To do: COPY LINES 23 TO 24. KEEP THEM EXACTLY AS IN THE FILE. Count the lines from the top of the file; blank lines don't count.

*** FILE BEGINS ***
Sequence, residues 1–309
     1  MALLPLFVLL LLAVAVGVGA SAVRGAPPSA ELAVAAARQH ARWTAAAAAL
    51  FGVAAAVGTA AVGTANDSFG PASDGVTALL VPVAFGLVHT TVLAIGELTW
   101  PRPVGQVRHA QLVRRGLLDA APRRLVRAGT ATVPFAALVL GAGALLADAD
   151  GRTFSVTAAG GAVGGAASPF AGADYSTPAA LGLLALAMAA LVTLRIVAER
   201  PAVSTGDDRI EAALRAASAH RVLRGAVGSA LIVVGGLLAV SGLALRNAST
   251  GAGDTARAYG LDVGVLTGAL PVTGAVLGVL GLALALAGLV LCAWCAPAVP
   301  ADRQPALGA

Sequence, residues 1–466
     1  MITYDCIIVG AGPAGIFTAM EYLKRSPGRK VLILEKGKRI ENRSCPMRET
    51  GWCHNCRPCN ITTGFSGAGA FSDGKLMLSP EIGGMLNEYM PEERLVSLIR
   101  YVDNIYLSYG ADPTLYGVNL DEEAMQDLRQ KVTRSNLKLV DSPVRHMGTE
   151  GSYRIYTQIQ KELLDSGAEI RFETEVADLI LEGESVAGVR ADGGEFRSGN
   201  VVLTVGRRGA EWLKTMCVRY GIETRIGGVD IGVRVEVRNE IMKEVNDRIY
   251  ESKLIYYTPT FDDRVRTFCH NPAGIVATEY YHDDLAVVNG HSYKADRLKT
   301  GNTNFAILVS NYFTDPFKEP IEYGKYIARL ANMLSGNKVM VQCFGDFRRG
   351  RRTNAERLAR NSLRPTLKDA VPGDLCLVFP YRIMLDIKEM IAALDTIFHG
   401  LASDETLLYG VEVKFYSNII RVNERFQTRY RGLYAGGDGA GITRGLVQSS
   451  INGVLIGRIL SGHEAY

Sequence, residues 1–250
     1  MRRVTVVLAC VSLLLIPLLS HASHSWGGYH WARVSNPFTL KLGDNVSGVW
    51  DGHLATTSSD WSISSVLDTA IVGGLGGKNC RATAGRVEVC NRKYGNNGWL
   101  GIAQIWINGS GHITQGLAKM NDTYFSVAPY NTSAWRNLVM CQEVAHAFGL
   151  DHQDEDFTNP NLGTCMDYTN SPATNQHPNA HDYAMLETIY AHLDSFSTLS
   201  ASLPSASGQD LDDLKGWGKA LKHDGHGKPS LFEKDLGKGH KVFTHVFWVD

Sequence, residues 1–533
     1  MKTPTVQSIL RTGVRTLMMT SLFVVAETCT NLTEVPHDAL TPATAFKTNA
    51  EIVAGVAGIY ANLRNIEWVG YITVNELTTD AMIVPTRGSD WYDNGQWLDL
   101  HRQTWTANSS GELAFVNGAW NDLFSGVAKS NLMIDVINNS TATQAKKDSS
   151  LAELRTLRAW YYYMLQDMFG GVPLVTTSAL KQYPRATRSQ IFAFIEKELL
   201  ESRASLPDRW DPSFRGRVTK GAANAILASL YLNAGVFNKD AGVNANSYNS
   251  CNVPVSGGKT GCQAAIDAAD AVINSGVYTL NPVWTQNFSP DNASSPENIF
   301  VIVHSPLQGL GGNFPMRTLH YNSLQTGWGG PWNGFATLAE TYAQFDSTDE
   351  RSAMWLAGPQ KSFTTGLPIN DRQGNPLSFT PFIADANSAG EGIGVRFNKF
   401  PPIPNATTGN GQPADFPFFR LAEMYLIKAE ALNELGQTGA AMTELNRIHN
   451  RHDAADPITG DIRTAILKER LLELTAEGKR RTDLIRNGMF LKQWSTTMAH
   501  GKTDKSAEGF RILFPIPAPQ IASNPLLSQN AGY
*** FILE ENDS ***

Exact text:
   101  GIAQIWINGS GHITQGLAKM NDTYFSVAPY NTSAWRNLVM CQEVAHAFGL
   151  DHQDEDFTNP NLGTCMDYTN SPATNQHPNA HDYAMLETIY AHLDSFSTLS